UNAIDS Address to the Elderly Carers and Empathy Clubs for the Elderly, 27 November 2007

Tuesday 27 November, 2007
Ha Noi, Viet Nam 

Good afternoon, I am very happy to meet with you again.  I am glad to see you all looking so well and full of energy.  I almost can’t believe that you are grandparents.  It’s no wonder that they say elders are the backbone of our families and communities.  I really admire your health and spirit.

The only pity, as you know, is that in this era of HIV elders’ traditional roles as leaders, mentors, role models and spiritual advisors have expanded to include the burden – and the privilege – of caretaking.  More than 100 Vietnamese get infected by HIV every day.  Illness, decreased productivity and increasing numbers of orphaned and neglected children are affecting approximately one in 60 households.

But if HIV strikes at the heart of the family, it is the soul of the family that fights back.  Because the majority of new HIV infections are among 20-39 year-olds, parents have become children again, requiring the care and support of their own aging parents.  Many of you expected you would spend this part of your life at ease, cared for by your children; you had counted on filial piety and the families you have spent your lives building to support you.  Sadly, in this era of the HIV pandemic, that tradition of care for the elderly is being rapidly replaced by care from the elderly.  

The elderly have a major caretaking role to play in the response to HIV, but caretakers need care too.  You also need to be supported through these challenging times.  Your local, provincial, and the international communities must recognize your efforts and work with you to identify how best to assist you and ameliorate your burden.

The publication that we are launching today, and the empathy clubs that you participate in, are all committed to building recognition of and support for the roles you are filling.  No parent can bear to think about the grief, the absolute devastation, of giving life to a child, of raising it, loving it, caring for it – and of then having to watch it succumb to this horrific illness.

Your dedication to your families and your strength in the face of tragedy inspire and give hope to those around you.  We thank you for taking on these additional responsibilities with such grace.  For modelling dignity; for teaching those who respect and depend on you the inexhaustibility of compassion; for inspiring us with your love and strength.  I am reminded of a quote by Ho Chi Minh: “Remember, the storm is a good opportunity for the pine and the cypress to show their strength and their stability.”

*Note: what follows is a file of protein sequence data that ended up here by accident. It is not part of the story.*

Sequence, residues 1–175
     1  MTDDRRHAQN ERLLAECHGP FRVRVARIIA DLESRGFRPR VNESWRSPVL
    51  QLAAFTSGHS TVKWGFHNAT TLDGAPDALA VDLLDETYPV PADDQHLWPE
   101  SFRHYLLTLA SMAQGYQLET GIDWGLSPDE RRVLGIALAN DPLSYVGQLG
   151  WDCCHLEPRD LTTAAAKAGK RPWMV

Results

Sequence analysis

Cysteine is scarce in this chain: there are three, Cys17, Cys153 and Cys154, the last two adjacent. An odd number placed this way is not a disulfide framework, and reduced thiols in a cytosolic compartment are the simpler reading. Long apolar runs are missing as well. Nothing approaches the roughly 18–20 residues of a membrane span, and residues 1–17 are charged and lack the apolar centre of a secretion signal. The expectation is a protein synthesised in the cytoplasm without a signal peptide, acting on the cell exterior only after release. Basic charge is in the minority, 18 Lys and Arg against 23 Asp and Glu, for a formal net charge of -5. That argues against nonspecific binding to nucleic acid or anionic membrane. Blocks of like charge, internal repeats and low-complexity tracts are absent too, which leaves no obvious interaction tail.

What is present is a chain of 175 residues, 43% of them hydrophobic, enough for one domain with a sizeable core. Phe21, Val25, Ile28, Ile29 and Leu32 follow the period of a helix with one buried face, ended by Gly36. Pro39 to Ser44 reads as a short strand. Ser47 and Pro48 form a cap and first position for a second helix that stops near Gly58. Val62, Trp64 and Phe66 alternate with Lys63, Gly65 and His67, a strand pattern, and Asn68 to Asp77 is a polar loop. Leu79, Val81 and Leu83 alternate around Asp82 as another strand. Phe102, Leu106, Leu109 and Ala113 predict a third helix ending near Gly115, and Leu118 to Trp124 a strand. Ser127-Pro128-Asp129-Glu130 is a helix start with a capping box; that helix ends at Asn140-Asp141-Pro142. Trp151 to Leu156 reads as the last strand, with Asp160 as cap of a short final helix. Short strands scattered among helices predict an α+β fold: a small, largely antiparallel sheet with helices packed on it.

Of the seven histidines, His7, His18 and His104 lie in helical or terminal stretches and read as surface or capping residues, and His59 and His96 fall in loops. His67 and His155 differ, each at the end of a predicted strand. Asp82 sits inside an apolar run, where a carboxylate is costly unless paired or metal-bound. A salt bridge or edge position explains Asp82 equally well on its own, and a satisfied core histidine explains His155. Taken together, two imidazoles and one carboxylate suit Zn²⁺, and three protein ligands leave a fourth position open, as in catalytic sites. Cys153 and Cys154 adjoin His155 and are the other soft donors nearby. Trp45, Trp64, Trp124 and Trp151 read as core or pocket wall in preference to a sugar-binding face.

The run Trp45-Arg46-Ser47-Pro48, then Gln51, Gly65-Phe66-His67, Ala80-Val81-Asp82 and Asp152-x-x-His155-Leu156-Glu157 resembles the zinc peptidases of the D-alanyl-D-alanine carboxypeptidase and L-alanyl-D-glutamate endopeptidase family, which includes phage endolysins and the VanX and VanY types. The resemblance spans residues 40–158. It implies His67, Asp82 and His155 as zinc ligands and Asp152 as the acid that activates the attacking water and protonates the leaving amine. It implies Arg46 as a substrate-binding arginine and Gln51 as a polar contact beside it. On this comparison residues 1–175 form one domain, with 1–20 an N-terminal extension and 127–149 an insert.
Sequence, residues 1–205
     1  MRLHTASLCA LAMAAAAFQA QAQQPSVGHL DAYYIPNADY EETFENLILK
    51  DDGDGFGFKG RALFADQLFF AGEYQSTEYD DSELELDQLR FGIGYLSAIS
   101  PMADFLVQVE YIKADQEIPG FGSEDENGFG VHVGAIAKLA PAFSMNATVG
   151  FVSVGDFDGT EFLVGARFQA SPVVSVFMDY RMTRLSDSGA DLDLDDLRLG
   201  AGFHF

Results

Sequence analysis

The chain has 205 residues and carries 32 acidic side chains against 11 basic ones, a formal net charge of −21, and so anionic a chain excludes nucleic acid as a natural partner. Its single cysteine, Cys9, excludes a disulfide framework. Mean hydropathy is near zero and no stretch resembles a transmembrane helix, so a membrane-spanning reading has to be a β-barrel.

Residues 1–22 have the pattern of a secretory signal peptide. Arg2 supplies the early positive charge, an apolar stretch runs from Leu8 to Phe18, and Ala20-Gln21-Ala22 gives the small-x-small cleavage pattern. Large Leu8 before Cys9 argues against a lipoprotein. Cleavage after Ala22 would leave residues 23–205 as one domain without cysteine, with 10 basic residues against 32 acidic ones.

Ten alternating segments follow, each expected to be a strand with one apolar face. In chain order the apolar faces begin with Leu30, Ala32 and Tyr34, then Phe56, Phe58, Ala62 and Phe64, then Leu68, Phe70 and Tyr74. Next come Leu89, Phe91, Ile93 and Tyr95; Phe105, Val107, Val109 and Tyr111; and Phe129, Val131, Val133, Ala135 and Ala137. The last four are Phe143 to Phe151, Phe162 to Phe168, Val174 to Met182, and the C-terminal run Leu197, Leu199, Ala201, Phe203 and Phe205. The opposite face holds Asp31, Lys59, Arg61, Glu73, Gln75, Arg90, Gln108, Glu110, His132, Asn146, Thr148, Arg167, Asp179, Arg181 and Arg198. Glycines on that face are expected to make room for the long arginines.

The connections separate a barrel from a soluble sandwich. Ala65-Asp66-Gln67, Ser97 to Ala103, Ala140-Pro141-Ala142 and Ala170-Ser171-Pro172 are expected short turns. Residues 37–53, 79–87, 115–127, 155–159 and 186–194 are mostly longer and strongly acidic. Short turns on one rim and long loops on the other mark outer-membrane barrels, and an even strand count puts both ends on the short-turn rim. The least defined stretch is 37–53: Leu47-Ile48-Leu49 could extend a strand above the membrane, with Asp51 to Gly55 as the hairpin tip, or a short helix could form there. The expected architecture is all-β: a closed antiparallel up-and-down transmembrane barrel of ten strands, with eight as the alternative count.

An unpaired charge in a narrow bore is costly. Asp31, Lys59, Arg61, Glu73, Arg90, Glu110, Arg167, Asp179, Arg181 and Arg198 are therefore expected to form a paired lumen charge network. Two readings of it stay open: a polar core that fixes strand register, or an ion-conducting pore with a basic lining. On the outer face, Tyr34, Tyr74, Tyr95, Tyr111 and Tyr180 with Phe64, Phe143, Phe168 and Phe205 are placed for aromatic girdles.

This month we are commemorating World AIDS Day.  The theme of this year’s commemoration, leadership, reminds us that everyone can “Take the lead,” from high-level officials to teachers, parents, grandparents, hospitals, churches and PLHIV.

Leadership on HIV requires personal commitment, courage, and setting an example.  You have already taken the lead to write and share the beautiful poems that we awarded and celebrated last time I met with you.  This was a wonderful and touching event that I remember fondly.  I encourage you to also take the lead to share the “HIV:  Know your Legal Rights and Responsibilities” legal card set with your friends and neighbours.  This will help the National Assembly achieve their goals of increasing legal access and social accountability.
We are celebrating the leadership of the elderly once again today.  Although we should all show compassion and care to those living with HIV, there is no one group better than this one before me to model it so profoundly.  Thank you so much for all you have done, and are doing.

Thank you and good health.

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